British Cinema of the 1950s: A Celebration

By Ian MacKillop; Neil Sinyard | Go to book overview

The national health: Pat
Jackson's White Corridors

CHARLES BARR

WHITE CORRIDORS, a hospital drama first shown in June 1951, belongs to the small class of fictional films that deny themselves a musical score. Even the brief passages that top and tail the film, heard over the initial credits and the final image, were added against the wish of its director, Pat Jackson. Jackson had spent the first ten years of his career in documentary, joining the GPO Unit in the mid-1930s and staying on throughout the war after its rebranding as Crown, and the denial of music is clearly part of a strategy for giving a sense of documentary-like reality to the fictional material of White Corridors.

There is a certain paradox here, in that actual documentaries, like newsreels, normally slap on music liberally. To take two submarine-centred features, released almost simultaneously in 1943, Gainsborough's fictional We Dive at Dawn, in which Anthony Asquith directs a cast of familiar professionals headed by John Mills and Eric Portman, has virtually no music, while Crown's `story-documentary', Close Quarters, whose cast are all acting out their real-life naval roles, has a full-scale score by Gordon Jacob. Other films in this celebrated wartime genre have even more prominent and powerful scores, by Vaughan Williams for Coastal Command (1942), by William Alwyn for Fires were Started (1943) and by Clifton Parker for Jackson's own Western Approaches (1945). One can rationalise this by saying that documentary has enough markers of authenticity already at the level of dramatic and visual construction, and a corresponding need for the bonus of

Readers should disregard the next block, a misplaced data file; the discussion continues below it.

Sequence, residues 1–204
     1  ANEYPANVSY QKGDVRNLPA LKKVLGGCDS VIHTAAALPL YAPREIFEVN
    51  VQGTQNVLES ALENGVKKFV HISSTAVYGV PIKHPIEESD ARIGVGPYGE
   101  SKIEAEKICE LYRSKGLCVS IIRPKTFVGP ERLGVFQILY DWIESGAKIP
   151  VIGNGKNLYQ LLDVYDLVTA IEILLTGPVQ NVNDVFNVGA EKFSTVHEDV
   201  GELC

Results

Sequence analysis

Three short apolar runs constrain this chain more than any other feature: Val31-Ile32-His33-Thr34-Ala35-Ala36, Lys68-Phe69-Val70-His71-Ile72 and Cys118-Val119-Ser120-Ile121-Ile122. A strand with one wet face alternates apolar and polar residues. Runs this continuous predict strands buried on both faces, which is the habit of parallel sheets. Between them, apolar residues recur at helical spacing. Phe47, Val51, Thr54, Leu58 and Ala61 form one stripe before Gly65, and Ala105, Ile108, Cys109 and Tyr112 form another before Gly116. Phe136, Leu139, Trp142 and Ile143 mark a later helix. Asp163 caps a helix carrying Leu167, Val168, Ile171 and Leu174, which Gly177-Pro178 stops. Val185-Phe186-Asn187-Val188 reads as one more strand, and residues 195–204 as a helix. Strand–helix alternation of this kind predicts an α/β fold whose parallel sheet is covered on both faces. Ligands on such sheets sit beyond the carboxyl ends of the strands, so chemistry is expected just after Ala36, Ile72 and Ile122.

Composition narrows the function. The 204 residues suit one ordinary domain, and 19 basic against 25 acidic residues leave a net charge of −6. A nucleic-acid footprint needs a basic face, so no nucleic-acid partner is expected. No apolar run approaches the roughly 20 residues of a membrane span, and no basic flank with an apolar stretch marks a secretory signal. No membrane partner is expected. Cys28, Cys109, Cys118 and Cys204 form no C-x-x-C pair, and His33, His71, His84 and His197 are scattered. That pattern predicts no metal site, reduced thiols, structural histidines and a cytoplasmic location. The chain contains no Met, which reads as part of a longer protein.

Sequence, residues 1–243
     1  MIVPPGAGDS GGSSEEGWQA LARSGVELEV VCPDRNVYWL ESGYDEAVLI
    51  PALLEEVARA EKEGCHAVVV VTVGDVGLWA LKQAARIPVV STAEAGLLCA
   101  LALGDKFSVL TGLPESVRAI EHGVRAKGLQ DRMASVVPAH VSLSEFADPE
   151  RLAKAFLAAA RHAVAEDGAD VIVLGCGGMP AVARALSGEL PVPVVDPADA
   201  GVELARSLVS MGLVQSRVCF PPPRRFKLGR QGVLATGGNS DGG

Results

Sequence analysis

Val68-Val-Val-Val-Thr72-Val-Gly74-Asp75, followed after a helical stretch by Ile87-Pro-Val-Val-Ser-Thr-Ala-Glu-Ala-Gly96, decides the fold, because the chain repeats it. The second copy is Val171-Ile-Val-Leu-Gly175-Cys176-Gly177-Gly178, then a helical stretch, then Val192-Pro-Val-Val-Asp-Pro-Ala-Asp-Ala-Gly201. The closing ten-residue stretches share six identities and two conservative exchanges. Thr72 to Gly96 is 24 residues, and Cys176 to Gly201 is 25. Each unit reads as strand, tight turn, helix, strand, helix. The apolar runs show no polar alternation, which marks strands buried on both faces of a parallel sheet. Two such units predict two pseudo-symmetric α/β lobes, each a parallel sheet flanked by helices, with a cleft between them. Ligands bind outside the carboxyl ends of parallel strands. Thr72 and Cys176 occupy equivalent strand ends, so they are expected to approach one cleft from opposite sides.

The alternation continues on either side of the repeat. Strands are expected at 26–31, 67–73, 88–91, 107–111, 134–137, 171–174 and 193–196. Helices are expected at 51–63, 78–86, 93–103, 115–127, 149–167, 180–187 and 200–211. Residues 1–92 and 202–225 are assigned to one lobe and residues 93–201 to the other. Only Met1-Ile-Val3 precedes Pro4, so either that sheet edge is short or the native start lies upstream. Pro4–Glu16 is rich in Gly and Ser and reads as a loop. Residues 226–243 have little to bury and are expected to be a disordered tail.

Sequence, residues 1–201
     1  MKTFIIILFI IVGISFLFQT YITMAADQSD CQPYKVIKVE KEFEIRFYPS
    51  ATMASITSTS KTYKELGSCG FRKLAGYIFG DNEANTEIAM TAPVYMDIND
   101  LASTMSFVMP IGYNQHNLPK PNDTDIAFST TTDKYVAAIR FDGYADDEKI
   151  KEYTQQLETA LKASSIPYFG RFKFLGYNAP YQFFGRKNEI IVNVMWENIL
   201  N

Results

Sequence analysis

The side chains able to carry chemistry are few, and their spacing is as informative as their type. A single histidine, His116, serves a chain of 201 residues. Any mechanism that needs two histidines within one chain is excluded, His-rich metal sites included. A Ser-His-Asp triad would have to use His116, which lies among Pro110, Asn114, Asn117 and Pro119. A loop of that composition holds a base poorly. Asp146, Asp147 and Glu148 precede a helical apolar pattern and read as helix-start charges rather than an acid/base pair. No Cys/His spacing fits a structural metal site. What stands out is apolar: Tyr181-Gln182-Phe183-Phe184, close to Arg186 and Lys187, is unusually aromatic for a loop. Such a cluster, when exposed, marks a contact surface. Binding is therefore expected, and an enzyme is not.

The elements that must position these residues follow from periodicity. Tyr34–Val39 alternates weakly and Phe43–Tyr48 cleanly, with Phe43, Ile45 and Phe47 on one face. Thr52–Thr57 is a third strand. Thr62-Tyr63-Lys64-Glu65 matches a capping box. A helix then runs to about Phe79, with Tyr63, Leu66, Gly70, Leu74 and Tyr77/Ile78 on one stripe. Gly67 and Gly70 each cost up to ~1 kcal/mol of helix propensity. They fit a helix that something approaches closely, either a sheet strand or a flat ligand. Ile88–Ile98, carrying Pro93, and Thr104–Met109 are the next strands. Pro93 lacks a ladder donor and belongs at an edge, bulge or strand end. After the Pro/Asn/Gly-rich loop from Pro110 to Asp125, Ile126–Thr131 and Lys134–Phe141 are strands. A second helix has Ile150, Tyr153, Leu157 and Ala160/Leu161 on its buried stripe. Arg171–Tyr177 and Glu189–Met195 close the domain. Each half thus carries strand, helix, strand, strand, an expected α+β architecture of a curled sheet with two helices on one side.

____________________
I had the not untypical experience of being taken to a lot of worthy British films by parents and teachers in the 1950s, and then reacting against them when the riches of non-British cinema were opened up, notably by Movie magazine, in the 1960s. Since then I have progressively overcome the Movie conditioning in the course of writing books on Ealing Studios (1977, new edition, Cameron & Hollis, 1999), English Hitchcock (Cameron & Hollis, 1999) and Vertigo (BFI, 2002). I co-scripted, with Stephen Frears, the British programme in the BFI/Channel 4 series on the centenary of cinema, Typically British (1996). Current projects include a study of Pat Jackson in the Manchester University Press series about British directors. Charles Barr

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